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http://dx.doi.org/10.1007/s00210-019-01780-6DOI Listing
February 2020

Adrenoceptors in white, brown, and brite adipocytes.

Br J Pharmacol 2019 07 7;176(14):2416-2432. Epub 2019 Apr 7.

Drug Discovery Biology, Monash Institute of Pharmaceutical Sciences, Monash University, Parkville, VIC, Australia.

Adrenoceptors play an important role in adipose tissue biology and physiology that includes regulating the synthesis and storage of triglycerides (lipogenesis), the breakdown of stored triglycerides (lipolysis), thermogenesis (heat production), glucose metabolism, and the secretion of adipocyte-derived hormones that can control whole-body energy homeostasis. These processes are regulated by the sympathetic nervous system through actions at different adrenoceptor subtypes expressed in adipose tissue depots. In this review, we have highlighted the role of adrenoceptor subtypes in white, brown, and brite adipocytes in both rodents and humans and have included detailed analysis of adrenoceptor expression in human adipose tissue and clonally derived adipocytes. We discuss important considerations when investigating adrenoceptor function in adipose tissue or adipocytes. LINKED ARTICLES: This article is part of a themed section on Adrenoceptors-New Roles for Old Players. To view the other articles in this section visit http://onlinelibrary.wiley.com/doi/10.1111/bph.v176.14/issuetoc.
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http://dx.doi.org/10.1111/bph.14631DOI Listing
http://www.ncbi.nlm.nih.gov/pmc/articles/PMC6592855PMC
July 2019

Adrenoceptor regulation of the mechanistic target of rapamycin in muscle and adipose tissue.

Br J Pharmacol 2019 07 7;176(14):2433-2448. Epub 2019 Apr 7.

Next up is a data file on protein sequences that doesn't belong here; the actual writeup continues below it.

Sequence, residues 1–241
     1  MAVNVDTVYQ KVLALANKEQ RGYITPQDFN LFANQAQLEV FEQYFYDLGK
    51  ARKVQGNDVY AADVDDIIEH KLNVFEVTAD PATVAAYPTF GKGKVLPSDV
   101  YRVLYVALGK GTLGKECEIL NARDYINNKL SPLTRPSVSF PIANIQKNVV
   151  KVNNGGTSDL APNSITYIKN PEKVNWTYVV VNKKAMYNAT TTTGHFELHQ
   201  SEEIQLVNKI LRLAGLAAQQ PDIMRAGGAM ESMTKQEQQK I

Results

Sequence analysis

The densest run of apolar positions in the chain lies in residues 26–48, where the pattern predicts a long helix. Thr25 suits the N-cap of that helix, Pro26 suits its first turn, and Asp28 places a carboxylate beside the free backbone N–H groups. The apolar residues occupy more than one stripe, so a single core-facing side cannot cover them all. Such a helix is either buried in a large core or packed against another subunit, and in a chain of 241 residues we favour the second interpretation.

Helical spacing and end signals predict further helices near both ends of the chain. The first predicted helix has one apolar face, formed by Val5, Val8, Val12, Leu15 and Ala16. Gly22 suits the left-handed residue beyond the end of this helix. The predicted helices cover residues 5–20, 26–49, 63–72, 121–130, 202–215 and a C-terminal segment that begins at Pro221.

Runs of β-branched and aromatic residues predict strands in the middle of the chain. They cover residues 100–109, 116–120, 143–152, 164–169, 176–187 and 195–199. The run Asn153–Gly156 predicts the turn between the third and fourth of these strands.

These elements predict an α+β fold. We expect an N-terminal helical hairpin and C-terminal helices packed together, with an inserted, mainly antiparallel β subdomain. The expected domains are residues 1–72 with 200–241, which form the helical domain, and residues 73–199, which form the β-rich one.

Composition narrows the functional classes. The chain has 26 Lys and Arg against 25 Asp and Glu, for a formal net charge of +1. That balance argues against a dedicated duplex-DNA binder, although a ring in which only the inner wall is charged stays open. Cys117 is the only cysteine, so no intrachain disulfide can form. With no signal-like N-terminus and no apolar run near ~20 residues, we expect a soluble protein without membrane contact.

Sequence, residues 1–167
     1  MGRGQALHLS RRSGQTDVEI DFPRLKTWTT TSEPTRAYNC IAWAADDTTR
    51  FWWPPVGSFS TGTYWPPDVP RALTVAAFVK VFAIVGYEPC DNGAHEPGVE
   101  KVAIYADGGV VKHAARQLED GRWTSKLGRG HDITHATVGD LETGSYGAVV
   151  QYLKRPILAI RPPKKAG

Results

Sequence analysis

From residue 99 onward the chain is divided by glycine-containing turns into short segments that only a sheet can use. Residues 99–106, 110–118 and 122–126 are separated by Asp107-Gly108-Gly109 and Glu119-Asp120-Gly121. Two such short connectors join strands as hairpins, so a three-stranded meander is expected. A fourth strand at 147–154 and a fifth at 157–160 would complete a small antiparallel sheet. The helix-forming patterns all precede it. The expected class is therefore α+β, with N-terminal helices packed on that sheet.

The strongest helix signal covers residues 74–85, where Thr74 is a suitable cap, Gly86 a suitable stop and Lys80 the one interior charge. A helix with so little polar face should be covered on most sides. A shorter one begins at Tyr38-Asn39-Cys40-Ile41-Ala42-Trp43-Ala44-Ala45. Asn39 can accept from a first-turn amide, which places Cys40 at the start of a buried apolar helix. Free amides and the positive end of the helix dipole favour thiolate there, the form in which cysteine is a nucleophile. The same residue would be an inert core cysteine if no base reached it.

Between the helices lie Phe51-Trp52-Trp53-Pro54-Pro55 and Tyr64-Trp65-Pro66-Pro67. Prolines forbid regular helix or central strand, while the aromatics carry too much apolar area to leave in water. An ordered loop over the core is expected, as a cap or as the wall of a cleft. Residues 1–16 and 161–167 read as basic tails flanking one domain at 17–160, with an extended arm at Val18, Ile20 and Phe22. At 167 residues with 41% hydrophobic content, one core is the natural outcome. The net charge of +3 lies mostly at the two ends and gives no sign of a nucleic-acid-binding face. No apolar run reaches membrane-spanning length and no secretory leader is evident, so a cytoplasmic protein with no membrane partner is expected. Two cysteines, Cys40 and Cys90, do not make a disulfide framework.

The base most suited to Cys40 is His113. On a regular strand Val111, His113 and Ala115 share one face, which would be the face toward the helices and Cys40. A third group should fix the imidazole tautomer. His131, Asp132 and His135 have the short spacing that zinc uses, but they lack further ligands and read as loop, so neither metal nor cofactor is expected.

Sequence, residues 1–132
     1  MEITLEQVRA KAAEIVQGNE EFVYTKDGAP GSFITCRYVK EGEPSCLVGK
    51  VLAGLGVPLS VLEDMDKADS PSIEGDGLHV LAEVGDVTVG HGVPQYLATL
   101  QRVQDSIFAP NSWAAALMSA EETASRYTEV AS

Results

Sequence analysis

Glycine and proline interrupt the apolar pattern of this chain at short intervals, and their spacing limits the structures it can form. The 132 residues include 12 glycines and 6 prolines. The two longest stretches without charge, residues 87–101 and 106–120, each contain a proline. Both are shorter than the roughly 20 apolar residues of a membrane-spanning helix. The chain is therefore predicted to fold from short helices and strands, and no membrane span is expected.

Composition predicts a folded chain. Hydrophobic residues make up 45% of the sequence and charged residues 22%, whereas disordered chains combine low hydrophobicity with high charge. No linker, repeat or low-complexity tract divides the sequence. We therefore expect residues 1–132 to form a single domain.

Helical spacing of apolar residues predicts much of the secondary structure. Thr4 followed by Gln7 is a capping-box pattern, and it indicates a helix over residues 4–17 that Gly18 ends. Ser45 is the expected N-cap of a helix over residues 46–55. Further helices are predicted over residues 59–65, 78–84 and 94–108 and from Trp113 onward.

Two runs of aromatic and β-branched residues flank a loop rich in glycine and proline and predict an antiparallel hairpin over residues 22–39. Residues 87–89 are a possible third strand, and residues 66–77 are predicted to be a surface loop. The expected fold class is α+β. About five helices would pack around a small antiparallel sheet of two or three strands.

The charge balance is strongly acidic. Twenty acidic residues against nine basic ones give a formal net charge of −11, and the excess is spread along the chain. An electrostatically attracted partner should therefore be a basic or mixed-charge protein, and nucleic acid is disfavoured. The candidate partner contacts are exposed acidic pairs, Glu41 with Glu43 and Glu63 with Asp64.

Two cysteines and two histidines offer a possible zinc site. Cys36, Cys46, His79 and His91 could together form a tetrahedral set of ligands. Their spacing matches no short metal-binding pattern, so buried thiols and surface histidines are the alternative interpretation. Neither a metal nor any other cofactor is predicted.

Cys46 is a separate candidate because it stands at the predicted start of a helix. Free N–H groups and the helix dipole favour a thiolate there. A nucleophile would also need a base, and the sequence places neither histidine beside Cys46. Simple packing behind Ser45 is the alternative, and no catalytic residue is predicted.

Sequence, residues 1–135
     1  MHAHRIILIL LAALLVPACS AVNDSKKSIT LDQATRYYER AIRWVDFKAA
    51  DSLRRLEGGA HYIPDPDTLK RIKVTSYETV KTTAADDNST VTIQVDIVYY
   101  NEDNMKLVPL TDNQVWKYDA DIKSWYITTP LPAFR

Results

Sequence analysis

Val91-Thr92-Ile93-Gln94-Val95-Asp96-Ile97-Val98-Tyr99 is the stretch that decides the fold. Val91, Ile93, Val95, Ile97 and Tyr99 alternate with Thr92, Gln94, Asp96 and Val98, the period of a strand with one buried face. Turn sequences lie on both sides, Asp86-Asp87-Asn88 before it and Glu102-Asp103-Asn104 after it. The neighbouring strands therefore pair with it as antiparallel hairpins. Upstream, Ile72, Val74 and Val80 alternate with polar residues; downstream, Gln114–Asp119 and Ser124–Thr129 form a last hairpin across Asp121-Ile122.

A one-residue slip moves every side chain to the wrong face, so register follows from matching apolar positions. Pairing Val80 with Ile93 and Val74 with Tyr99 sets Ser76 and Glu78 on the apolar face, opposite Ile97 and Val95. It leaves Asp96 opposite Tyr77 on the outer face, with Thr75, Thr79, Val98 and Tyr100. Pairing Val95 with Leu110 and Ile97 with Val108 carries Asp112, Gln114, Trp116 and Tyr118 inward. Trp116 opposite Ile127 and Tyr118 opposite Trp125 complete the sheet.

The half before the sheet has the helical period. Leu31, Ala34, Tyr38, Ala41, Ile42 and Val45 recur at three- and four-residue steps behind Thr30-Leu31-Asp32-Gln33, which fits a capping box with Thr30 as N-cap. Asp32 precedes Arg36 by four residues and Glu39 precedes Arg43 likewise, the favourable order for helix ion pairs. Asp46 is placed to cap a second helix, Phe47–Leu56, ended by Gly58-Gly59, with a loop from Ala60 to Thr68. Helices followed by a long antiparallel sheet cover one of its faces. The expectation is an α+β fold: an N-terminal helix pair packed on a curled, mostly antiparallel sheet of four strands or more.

Drug Discovery Biology, Monash Institute of Pharmaceutical Sciences, Monash University, Melbourne, Victoria, Australia.

A vital role of adrenoceptors in metabolism and energy balance has been well documented in the heart, skeletal muscle, and adipose tissue. It has been only recently demonstrated, however, that activation of the mechanistic target of rapamycin (mTOR) makes a significant contribution to various metabolic and physiological responses to adrenoceptor agonists. mTOR exists as two distinct complexes named mTOR complex 1 (mTORC1) and mTOR complex 2 (mTORC2) and has been shown to play a critical role in protein synthesis, cell proliferation, hypertrophy, mitochondrial function, and glucose uptake. This review will describe the physiological significance of mTORC1 and 2 as a novel paradigm of adrenoceptor signalling in the heart, skeletal muscle, and adipose tissue. Understanding the detailed signalling cascades of adrenoceptors and how they regulate physiological responses is important for identifying new therapeutic targets and identifying novel therapeutic interventions. LINKED ARTICLES: This article is part of a themed section on Adrenoceptors-New Roles for Old Players. To view the other articles in this section visit http://onlinelibrary.wiley.com/doi/10.1111/bph.v176.14/issuetoc.